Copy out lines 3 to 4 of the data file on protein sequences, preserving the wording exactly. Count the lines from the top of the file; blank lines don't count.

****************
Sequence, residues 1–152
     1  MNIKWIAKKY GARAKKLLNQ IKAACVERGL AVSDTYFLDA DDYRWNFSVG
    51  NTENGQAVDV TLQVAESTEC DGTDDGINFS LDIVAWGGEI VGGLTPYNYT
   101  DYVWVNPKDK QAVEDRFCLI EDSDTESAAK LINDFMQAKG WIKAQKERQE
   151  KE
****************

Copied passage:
    51  NTENGQAVDV TLQVAESTEC DGTDDGINFS LDIVAWGGEI VGGLTPYNYT
   101  DYVWVNPKDK QAVEDRFCLI EDSDTESAAK LINDFMQAKG WIKAQKERQE